It's Not Me, It's You

Lily Allen isn't just a pop star. She's a genre. Allen's fizzy, fiercely attitudinal 2007 debut, Alright, Still, sold more than 2.5 million copies worldwide, made the 23-year-old Londoner one of Britain's tabloid fixtures and spawned an industry of Lily wanna-be's — seemingly every month, the U.K. record business disgorges a new songstress with a MySpace page full of post-feminist provocations set to perky tunes. Meanwhile, Allen-ism has migrated across the Atlantic: Is there any doubt where Christian popster-turned-bi-curious succès de scandale Katy Perry learned her best moves?

But as Allen's long-awaited second album makes clear, no one does Lily like Lily. It's Not Me, It's You is far from perfect, but it sounds fantastic. With producer Greg Kurstin (the Bird and the Bee) at her side, Allen has gotten more musically eclectic, jettisoning the thumping rock-steady of Alright, Still without sacrificing catchiness or dance-floor bounce. The new album has a peppy electro underpinning, but all sorts of styles bubble up: Eurodisco, oompah and, in the galloping "Not Fair," a kind of spaghetti-Westernized synth pop. Any of the dozen tracks could be a single, from the rousing "22" to "Who'd Have Known," the ballad with the album's most surefire hook.

Allen remains a child of the hip-hop era: a pop singer with a rapper's love of the well-turned couplet and well-aimed dis. "Not Fair" picks up where Alright, Still's "Not Big" left off, railing against a bloke who's a dud in bed. "Oh, I lie here in a wet patch/In the middle of the bed/I'm feeling pretty damn hard done by/I spent ages giving head," gripes Allen.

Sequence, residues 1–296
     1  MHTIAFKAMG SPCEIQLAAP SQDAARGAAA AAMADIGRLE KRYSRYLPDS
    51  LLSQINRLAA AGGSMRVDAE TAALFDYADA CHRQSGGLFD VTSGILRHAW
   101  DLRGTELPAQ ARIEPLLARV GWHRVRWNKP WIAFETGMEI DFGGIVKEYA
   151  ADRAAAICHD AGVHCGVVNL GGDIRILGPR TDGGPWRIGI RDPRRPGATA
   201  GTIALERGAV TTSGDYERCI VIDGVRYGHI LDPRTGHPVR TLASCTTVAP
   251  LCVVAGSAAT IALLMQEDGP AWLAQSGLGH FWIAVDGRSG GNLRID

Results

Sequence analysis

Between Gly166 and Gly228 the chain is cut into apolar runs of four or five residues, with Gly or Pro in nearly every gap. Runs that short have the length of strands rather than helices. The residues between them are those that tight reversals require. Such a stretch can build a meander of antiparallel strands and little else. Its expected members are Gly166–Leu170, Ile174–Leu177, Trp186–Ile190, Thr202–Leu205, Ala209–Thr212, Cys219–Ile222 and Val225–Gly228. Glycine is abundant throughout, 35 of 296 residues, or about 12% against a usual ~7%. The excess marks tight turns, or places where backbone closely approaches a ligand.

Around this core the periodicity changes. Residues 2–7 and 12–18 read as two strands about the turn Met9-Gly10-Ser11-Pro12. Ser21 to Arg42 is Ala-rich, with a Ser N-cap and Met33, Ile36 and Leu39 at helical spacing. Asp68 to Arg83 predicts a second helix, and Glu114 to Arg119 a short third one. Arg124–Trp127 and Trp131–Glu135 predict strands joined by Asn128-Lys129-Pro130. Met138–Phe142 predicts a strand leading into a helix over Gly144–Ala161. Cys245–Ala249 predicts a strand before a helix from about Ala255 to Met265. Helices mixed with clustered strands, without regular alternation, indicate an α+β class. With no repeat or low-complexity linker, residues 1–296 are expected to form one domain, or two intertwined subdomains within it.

There is melancholy beneath the harsh words in "Not Fair": Allen is bummed about her hapless lover because she actually likes the guy. It's the kind of song that made Alright, Still so fresh — a look at love and sex, in all their gory details, through the eyes of a young woman who brooks no bullshit.

But It's Not Me offers few such moments — and worse, few laughs. "The Fear" is a rant about materialism sung in the voice of a would-be starlet. Allen's rich-bitch protagonist just wants to wear "fuckloads of diamonds"; the chorus is meant to be where Allen drives home her big point: "I don't know what's right and what's real anymore/I don't know how I'm meant to feel anymore." In fact, "The Fear" is one gigantic cliché, made worse by the sneer with which Allen delivers it.

And so it goes on It's Not Me. There's "Him," in which Allen wonders if God has "taken smack or cocaine." There's "Everyone's At It," a Big Statement about a drug-addled society. ("So your daughter's depressed/Well, get her straight on the Prozac/But little do you know/She already takes crack.") There's "Fuck You," an anti-George W. Bush protest. (Good timing.) No longer content to be a quirky confessional songwriter, Allen has decided that she is a "social critic," a job that she lacks the insight and the maturity to pull off.

By far the best moments on the new album come in ballads like "Who'd Have Known" and "Chinese," where Allen drops the state-of-the-nation pretensions, tones down the snark and plays it more or less straight. It's Not Me is full of disagreeable characters, but ickiest of all isn't the crackhead socialite or the loutish boyfriend or even George W. Bush. It's not them, Lily — it's you.